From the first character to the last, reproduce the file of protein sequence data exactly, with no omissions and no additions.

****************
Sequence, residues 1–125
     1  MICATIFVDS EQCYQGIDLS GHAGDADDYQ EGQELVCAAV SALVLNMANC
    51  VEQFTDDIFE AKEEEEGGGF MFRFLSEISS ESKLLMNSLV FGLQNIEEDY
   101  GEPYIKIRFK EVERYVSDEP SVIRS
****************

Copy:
Sequence, residues 1–125
     1  MICATIFVDS EQCYQGIDLS GHAGDADDYQ EGQELVCAAV SALVLNMANC
    51  VEQFTDDIFE AKEEEEGGGF MFRFLSEISS ESKLLMNSLV FGLQNIEEDY
   101  GEPYIKIRFK EVERYVSDEP SVIRS